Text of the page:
You can access these resources through the familiar Microsoft Outlook desktop client (2016 or newer), via Outlook on the web, via Outlook 2016 for Mac (shared inbox only), or via Outlook mobile. You'll find your Microsoft 365 Groups in the navigation pane on the left in Outlook desktop or on the Web.

You'll find your groups on the navigation pane to the left in Outlook or Outlook on the web

With the new Microsoft 365 Groups hover card, you have quick access to shared group resources. Just hover over a group name in Outlook on the web or SharePoint.

Image of the new Office 365 Groups hover card

The newest part of our collaboration story is Microsoft Teams. Microsoft Teams is the inner loop for your team – a persistent, chat-based workspace where you can have informal, real-time, conversations around very focused topics or specific sub-groups within the group. 

Yammer brings the enterprise social experience to your collaboration. It helps you make new connections and discoveries across your organization. It can help you communicate and discuss ideas company-wide or around common interest areas.

By creating a Microsoft 365 connected group in Yammer, you'll get:

  • Yammer Group – A common place to have conversations and share information

  • SharePoint Document Library – A central place for the group to store and share files

  • Shared OneNote Notebook – For gathering ideas, research, and information

  • SharePoint Team Site – A central repository for information, links and content relating to your group

  • Planner – For assigning and managing project tasks among your group members

You can access these tools through Yammer in your browser or using the Yammer app on your iOS, Android or Windows Phone device.

After a Group outlives its intended purpose, you can delete it to free up system resources and to remove the group from being listed or displayed. See: Delete a group. If you don't want to have to remember to delete outdated groups your administrator can set expiration policies that will cause old groups to expire and be removed automatically after a specified period of time. See: Microsoft 365 Group Expiration Policy.

Note: The content on this tab is intended for administrators.

There are three primary models of provisioning Microsoft 365 Groups: Open, IT-led, or Controlled. Each has its own advantages.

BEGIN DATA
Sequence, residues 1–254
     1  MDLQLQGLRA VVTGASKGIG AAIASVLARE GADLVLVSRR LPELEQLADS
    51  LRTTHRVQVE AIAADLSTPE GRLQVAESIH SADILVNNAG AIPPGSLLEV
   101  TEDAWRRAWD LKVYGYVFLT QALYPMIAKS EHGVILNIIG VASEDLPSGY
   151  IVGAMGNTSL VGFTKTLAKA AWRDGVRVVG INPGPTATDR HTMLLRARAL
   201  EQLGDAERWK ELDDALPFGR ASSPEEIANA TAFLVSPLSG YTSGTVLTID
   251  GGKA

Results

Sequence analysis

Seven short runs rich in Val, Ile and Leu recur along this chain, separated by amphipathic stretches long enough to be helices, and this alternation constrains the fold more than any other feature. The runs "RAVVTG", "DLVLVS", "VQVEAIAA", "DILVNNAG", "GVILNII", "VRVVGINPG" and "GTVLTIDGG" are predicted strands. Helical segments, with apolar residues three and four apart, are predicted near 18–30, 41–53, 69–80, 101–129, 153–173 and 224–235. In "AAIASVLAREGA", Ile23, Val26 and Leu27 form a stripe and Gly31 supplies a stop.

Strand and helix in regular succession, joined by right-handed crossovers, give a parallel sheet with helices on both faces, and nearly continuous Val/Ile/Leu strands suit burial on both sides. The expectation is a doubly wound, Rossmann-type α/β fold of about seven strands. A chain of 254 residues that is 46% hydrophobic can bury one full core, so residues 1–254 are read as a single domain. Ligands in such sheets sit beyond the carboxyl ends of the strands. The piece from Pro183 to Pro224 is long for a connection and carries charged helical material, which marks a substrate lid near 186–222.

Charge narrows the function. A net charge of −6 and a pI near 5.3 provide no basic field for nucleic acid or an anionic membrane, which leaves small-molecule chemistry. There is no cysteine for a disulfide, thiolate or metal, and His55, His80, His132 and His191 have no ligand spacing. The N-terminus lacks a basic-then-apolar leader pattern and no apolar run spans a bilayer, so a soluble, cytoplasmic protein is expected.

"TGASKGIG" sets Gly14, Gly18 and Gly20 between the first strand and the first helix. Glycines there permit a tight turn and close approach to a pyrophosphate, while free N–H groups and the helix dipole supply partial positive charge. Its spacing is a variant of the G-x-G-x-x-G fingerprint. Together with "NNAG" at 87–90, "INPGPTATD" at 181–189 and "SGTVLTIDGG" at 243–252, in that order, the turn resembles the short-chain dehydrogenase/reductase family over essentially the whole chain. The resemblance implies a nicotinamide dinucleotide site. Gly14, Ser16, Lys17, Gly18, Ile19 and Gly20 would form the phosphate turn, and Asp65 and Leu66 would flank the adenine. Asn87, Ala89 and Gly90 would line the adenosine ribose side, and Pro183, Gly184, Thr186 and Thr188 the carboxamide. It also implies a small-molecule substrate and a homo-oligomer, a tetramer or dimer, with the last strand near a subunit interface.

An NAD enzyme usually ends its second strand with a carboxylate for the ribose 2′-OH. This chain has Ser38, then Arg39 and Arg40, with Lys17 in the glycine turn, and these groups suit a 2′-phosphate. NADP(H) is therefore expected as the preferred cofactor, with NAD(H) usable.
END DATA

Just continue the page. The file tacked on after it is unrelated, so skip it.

Open (default)

Users can create their own groups as needed without needing to wait for, or bother, IT


Users request a group from IT. IT can guide them in selecting the best collaboration tools for their needs


Group creation restricted to specific people, teams, or services (See: Control who can create Microsoft 365 Groups)

If you want to control how your Microsoft 365 Groups are named, you can use naming policy to force Group names to adhere to certain standards, including prefixed or suffixes, as well as blocking objectionable names. See Microsoft 365 Groups Naming Policy for more information.

Every group has at least one owner that can add or remove members and do some basic curation of the group and its content. Usually the owner does that in Outlook. See: Add and remove group members in Outlook. If a group's owner (or owners) leaves the organization for any reason, the administrator can assign a new owner to the group. See Assign a new owner to an orphaned group.

Additionally, if you have Exchange Online Administrator permissions you can administer your groups from the Microsoft 365 Admin Center (See Manage Group membership in the Microsoft 365 admin center) or from PowerShell (See Manage Microsoft 365 Groups with PowerShell.

There may come a time when you want to delete a group from your tenant. For information on how to delete a group see: Delete a group. If a group is accidentally deleted, admins can restore that group for up to 30 days. See: Restore a deleted Microsoft 365 Group.

If you prefer a more automated way to manage the lifecycle of your Microsoft 365 Groups, you can use expiration policies to expire groups at a specific time interval. The group's owners will get an email 30, 15, and 1 day before the group expiration that allows them to easily renew the group if it's still needed. See: Microsoft 365 Group Expiration Policy.

Group Limits



Owners per group


Groups a user can create


Groups an admin can create

Up to default tenant limit of 500K

Number of members

More than 1,000, though only 1,000 can access the Group conversations concurrently.

Users might notice delays when accessing the calendar and conversations in very large groups in Outlook

Number of Groups a user can be a member of


File storage

1 Terabyte + 10 GB per subscribed user + any additional storage purchased. You can purchase an unlimited amount of additional storage.

Group Mailbox size

50 GB

The default maximum number of groups that an Microsoft 365 organization can have is currently 500,000.

If you are planning to use the feature "Group Writeback" from Azure Active Directory Connect tool, the maximum length is 448 characters related to the "Description" attribute.

For more information on SharePoint Online storage see SharePoint Online Limits and SharePoint Online software boundaries and limits.

Managing your Microsoft 365 Groups is more effective when you have actionable information about Groups usage. The Microsoft 365 Admin Center has a reporting tool that can let you see information such as storage use, how many active Groups you have, and even how your users are using the Groups. See: Microsoft 365 Reports in the admin center for more information.

Microsoft 365 Groups gives you a number of tools for compliance, information protection, and eDiscovery.

See also